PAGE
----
By Nora Delaney

After graduating, Raven Graf MPP 2021 wants to head to Washington to move climate legislation forward.

Growing up in the former gem-mining community of Garnet Valley, Pennsylvania, Raven Graf MPP 2021 went to Swarthmore College—just 20 minutes away—as an undergraduate. Studying biology and chemistry at Swarthmore, Graf became increasingly engaged in the fossil fuel divestment movement. “That was probably the biggest wake-up call for me, that opportunity to learn about the climate crisis,” says Graf, who identifies as nonbinary and uses them/they pronouns.

During spring and fall breaks, Graf and other members of the climate campaign spent time with coal mining resistance activists in West Virginia, an experience that was eye-opening. Graf describes learning about “dozens of stories” of the damage caused by coal extraction, “and when communities expected a modicum of support, the companies declared bankruptcy; wrote off their healthcare, pension, and environmental remediation responsibilities; and paid massive incentive bonuses to the executives. And then the very same people could continue to profit off the same extraction under a new company name.”

Another motivating moment was attending the 2015 UN climate talks in Paris and seeing firsthand the power inequalities in global climate negotiations. Graf was struck by how much sway larger countries had while small developing nations, who could afford to send far fewer representatives to the talks, were fighting for an agreement “that wouldn’t leave them underwater in so many years.” And when Donald Trump was elected U.S. president a year later, Graf realized that it would be an especially tough climate policy landscape, requiring “all hands on deck.”


Raven Graf.


Starting in 2016, Graf volunteered with the Citizens’ Climate Lobby, an organization that aims to build support for a federal carbon fee and dividend (a measure to tax carbon and then redistribute that revenue among Americans), and served on the board of directors of Our Climate, which empowers young people to meet with elected officials and push for equitable climate policies. This experience gave Graf exposure to the way citizens can engage with congressional offices and a sense of how legislation is crafted and passed. Graf was especially inspired by the role that high school and college students can play in getting climate change policy on politicians’ agendas.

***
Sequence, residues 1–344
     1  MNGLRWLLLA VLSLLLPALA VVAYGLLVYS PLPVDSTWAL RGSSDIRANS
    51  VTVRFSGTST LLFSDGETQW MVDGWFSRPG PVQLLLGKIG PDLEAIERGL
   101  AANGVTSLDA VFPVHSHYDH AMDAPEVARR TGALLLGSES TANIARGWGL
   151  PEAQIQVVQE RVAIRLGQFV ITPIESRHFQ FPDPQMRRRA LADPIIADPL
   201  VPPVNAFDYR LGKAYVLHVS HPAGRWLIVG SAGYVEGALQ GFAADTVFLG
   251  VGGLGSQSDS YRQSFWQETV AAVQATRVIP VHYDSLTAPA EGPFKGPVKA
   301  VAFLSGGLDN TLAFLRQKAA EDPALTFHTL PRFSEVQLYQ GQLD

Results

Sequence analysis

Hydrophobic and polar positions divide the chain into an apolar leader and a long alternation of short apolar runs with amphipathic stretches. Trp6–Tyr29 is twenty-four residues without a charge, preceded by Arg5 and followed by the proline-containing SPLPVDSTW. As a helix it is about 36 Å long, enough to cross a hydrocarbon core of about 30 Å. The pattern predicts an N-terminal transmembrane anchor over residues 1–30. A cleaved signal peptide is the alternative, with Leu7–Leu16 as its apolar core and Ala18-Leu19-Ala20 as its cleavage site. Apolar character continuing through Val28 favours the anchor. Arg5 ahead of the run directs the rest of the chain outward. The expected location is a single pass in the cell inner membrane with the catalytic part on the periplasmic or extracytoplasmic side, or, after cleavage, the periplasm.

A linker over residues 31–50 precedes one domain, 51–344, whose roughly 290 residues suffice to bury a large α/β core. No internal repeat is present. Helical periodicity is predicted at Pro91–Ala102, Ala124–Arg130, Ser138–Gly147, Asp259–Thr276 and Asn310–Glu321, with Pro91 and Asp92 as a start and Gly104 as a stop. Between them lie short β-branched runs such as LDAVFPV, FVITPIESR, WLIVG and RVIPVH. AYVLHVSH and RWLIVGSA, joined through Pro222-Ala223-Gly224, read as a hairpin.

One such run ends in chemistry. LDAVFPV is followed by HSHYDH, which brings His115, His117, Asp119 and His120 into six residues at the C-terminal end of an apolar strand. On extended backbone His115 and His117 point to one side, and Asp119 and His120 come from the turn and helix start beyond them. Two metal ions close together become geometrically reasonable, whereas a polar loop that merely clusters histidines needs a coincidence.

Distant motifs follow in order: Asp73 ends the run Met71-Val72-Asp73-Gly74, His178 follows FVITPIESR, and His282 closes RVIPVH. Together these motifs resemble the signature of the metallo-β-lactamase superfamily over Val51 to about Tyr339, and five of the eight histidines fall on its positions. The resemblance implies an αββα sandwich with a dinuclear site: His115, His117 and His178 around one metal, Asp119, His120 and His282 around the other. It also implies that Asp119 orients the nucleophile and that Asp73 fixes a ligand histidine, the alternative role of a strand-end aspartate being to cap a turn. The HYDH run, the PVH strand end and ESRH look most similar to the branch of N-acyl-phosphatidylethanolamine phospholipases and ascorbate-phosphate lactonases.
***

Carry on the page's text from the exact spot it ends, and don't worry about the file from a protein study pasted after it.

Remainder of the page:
After completing their undergraduate degree, Graf started working in Swarthmore’s Office of Sustainability. “That also sparked my policy interest,” Graf says. “I wanted to learn how one builds policies to scale sustainability and climate work beyond a single institution.”

To develop this thinking, Graf came to Harvard Kennedy School as a Master in Public Policy student with the ultimate goal of serving in Washington as a congressional staffer focused on advancing climate and environmental justice policy. The Kennedy School, Graf says, is a great place to learn about “improving good climate policy design and to think about complicated intersections in the technological-political-policy landscape.”

Graf, whose second year at the Kennedy School was supported through a prestigious Switzer Fellowship, took the opportunity to learn about the nuts and bolts of legislative process and sought out coursework on negotiation and social movements. Faculty member David King’s course DPI-120, “The U.S. Congress and Law Making,” made a particularly strong impression with its culminating simulation that gave students the chance to step in the shoes of legislators trying to get a bill passed. Graf played the role of party whip, frantically corralling votes in a six-hour marathon Zoom session with classmates. “It was a really powerful experience,” Graf says. 

“As bad as the prognosis is, we can still prevent a tremendous amount of human suffering.”

Raven Graf MPP 2021

Other memorable moments include learning from Joe Aldy, a professor of the practice of public policy at the Kennedy School, who worked on climate legislation as a special assistant on energy and environment for former President Obama. Faculty member Richard Parker’s course DPI-132, “Presidents, Politics, and Economic Growth: From FDR to Donald Trump,” also helped Graf understand the assumptions underlying the shifting political landscape and gain a useful framework for thinking about U.S. politics.

Graf will take a host of policy and organizational skills forward after graduation, ideally working in Washington. Reflecting on the future of climate change policy, they find hope in the power of social movements and the speed with which mobilized communities can bring unexpected change to society. “As bad as the prognosis is,” Graf says, “we can still prevent a tremendous amount of human suffering.”

Acting on climate change is a responsibility we all share, Graf argues. They especially urge people who have institutional resources or a degree from a place like Harvard Kennedy School to leverage the accompanying knowledge and advantages to make a difference.

“Resigning oneself to hopelessness is an indulgence,” Graf says. “We have to do what we can.”

Portraits by Natalie Montaner

Read Next Post
View All Blog Posts